Well, I’ll tell you where I think the creators or the writers were coming from: This was a young woman who was cryogenically frozen, so she doesn’t know anything about herself and she doesn’t know who she was or where she came from. So, everything she is experiencing is for the first time, and I think that under that umbrella of “first-time experiences” is sexuality. They wanted to make a realistic scenario of someone who was discovering themselves and trying to understand who they were, and I think that sexuality was also something that was part of this character’s journey to find themselves.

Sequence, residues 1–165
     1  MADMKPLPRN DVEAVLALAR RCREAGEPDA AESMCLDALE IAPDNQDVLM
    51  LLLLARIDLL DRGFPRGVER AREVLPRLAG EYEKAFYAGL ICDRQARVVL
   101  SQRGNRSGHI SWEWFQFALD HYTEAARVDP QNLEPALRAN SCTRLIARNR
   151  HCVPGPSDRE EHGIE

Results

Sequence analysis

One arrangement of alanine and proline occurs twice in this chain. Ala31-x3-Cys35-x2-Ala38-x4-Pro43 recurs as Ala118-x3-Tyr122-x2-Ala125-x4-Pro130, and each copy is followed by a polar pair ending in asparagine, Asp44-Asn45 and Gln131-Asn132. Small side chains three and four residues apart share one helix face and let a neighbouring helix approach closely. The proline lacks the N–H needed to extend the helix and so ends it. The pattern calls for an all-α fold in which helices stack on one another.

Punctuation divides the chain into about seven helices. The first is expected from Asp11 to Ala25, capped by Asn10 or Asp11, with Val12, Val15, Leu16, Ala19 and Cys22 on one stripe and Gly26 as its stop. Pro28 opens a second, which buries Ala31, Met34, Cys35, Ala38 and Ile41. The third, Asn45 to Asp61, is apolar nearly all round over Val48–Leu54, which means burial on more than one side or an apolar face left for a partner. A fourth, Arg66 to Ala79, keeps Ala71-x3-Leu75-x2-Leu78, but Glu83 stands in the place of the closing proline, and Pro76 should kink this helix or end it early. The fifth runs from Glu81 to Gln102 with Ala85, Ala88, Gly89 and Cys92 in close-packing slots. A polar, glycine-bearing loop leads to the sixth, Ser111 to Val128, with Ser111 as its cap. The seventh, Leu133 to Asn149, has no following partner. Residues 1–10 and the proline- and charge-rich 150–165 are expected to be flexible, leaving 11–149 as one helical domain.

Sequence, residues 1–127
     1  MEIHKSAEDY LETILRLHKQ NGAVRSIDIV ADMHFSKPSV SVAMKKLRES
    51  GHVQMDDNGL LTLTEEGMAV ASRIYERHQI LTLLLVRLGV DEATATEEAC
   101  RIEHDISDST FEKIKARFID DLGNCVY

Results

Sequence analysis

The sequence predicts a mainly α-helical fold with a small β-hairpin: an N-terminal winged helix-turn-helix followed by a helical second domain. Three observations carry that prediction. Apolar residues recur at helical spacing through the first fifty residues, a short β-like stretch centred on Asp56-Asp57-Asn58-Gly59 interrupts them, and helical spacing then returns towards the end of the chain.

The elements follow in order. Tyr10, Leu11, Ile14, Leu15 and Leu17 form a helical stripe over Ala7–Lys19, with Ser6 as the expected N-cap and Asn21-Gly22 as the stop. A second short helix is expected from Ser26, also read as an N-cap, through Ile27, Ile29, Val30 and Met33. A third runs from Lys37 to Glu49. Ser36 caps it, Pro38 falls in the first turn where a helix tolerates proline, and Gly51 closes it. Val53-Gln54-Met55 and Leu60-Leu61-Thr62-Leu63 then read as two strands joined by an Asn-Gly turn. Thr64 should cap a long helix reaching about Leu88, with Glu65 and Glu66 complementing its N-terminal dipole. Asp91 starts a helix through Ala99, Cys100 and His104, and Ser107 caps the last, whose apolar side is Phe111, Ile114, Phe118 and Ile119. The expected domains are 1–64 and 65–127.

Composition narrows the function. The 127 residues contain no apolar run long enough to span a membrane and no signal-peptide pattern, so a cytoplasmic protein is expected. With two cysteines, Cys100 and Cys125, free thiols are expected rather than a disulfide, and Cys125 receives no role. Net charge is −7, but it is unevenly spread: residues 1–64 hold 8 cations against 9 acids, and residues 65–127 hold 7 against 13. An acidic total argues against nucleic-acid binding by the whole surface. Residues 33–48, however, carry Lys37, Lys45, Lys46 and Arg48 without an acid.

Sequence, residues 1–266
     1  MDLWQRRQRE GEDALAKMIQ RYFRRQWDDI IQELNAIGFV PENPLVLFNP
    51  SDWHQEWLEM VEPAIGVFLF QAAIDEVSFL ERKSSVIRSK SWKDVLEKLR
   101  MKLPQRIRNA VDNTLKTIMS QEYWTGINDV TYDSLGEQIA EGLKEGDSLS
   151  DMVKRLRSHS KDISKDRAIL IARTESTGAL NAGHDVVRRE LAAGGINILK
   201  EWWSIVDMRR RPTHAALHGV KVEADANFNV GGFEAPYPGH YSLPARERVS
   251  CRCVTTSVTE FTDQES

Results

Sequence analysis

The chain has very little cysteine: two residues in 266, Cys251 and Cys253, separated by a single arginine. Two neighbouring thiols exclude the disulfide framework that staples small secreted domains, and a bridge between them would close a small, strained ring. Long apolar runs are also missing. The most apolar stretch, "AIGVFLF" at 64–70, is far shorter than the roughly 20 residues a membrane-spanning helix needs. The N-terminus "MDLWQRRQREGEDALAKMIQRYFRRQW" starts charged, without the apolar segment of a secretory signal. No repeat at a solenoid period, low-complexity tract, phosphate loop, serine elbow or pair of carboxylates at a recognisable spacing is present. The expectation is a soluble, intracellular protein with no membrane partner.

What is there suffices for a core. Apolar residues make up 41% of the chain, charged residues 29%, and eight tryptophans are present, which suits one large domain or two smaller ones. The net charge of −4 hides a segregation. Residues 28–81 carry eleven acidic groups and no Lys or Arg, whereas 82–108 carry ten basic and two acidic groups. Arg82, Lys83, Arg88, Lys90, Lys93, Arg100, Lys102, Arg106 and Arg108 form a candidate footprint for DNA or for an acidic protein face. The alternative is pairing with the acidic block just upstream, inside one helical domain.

Tell me a little bit about the dynamics of the cast on set and what it was like to come back after a hiatus. [Production paused after Cho was injured in 2019, then the COVID-19 pandemic hit.]